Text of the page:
But in the meantime, the real Spider-Man has crossed town, changed back into his blue suit, glasses, and yellow tie, and come back to a still-dark but now empty Forest Hills house. He calls for Aunt May but no one answers. Then May shows up in the doorway herself. She "got nervous in the house alone" and went to stay with the neighbors until Peter got back. When she asks Pete if he bought the fuses, he realizes he forgot all about them. "I'll tell her I was too scared to walk the dark streets alone!" he decides. (So, then what? They sit in the dark all night? Hey, Pete! The fuse never blew at all, remember? You pulled it! Just tell Aunt May you bought some and stick the old fuse back in! She'll never know the difference!)
Next day, at the Daily Bugle, J. Jonah Jameson berates Peter Parker. The news is that "a teen-ager named Flash Thompson escaped from Doctor Doom" last night with the help of the FF. "And not one measley photo from you!" Peter tells JJJ he was home last night. "I've got to sleep sometime", he says. And Betty Brant whispers to him not to feel badly. "I may only be J.J.'s secretary," she says, "but I think you're wonderful!"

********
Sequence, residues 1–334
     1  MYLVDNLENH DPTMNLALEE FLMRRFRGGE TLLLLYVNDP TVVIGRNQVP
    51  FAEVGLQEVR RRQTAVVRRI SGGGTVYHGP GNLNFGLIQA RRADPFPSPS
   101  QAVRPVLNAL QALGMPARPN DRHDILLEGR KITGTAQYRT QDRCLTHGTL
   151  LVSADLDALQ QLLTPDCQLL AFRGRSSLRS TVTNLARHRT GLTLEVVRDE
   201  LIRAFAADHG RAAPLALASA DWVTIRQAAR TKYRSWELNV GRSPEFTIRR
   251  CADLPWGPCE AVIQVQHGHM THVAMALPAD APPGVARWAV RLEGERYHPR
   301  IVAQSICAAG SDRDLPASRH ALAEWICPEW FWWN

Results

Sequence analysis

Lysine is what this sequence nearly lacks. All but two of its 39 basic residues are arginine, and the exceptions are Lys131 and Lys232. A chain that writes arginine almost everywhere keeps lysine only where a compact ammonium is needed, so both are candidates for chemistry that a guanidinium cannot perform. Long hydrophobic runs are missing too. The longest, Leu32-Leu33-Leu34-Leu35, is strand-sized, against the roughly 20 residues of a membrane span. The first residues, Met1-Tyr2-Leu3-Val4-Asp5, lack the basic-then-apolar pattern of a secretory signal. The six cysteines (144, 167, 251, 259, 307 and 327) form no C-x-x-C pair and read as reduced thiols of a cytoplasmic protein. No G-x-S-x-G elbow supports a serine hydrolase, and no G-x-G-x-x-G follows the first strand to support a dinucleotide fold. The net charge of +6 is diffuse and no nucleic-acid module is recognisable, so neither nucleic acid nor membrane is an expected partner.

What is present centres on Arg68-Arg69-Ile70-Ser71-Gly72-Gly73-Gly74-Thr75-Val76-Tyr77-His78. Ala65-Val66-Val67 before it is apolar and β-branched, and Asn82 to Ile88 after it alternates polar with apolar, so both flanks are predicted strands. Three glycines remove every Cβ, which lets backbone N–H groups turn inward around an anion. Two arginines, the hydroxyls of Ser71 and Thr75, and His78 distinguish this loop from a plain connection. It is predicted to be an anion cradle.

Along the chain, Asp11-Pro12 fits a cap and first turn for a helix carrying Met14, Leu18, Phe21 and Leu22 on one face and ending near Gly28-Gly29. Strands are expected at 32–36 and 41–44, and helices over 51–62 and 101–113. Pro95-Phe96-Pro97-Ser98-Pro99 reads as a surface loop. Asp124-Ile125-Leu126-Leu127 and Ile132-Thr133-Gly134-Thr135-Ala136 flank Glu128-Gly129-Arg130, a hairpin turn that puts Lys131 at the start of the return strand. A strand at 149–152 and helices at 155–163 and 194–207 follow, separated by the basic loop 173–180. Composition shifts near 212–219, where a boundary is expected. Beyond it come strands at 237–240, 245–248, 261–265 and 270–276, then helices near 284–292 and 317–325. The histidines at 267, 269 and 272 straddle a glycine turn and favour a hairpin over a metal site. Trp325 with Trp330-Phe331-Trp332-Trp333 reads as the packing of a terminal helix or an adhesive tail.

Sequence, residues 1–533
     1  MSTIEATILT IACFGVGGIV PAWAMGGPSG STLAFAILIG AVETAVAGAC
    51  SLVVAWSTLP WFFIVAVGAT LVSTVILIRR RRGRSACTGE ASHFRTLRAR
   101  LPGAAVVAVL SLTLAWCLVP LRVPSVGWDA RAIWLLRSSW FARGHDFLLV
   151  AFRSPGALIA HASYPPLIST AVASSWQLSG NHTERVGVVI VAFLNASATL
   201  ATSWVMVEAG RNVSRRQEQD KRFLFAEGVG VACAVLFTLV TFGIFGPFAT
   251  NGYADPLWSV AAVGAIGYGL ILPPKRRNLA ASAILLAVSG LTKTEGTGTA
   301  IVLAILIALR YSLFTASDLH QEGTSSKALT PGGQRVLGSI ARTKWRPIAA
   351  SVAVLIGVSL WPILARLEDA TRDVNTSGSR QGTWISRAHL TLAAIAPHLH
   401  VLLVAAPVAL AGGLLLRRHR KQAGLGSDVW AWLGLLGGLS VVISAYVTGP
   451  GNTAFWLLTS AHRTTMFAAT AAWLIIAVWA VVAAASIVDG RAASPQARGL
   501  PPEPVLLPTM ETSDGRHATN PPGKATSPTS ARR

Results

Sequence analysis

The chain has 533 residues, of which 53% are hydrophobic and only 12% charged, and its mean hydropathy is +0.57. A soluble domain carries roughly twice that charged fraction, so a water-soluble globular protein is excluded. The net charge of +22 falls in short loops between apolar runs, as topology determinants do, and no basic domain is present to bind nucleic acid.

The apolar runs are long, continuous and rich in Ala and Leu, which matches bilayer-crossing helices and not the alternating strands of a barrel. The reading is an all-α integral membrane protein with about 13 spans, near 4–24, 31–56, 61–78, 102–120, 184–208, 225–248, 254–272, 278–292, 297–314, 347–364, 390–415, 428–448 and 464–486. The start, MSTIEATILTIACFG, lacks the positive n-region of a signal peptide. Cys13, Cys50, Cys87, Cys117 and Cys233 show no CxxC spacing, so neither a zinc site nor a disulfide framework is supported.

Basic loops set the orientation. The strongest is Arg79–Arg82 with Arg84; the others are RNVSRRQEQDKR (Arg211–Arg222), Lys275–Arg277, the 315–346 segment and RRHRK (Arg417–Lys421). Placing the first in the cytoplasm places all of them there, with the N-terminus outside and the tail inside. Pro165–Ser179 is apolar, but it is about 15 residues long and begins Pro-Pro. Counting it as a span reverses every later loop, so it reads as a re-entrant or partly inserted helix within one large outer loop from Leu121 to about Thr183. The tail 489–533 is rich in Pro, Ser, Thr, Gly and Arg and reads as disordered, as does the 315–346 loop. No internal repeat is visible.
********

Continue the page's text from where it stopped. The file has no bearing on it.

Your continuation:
Later on the school grounds, Peter is walking on air. He never knew Betty felt that way about him. He thinks she is pretty swell, too. Ahead, a crowd has gathered and Pete wonders what it could be. At least it can't be Flash Thompson this time. "He must be the most embarrassed kid in school by now!" he decides. But when he rounds the corner, he sees that it is Flash, bragging about his experiences. "Naturally I wasn't scared of that crumb, Doctor Doom! He couldn't keep me a prisoner for long! When he saw I escaped, he was so worried that he ran out before I could get my mitts on him!" The other kids ooh and ah. Liz turns to Pete and says she wouldn't blame him for being jealous "of a real he-man like Flash". Peter leans up against the side of the building and tells himself, "I might as well face it. I've got nothing but luck... and it's all bad!"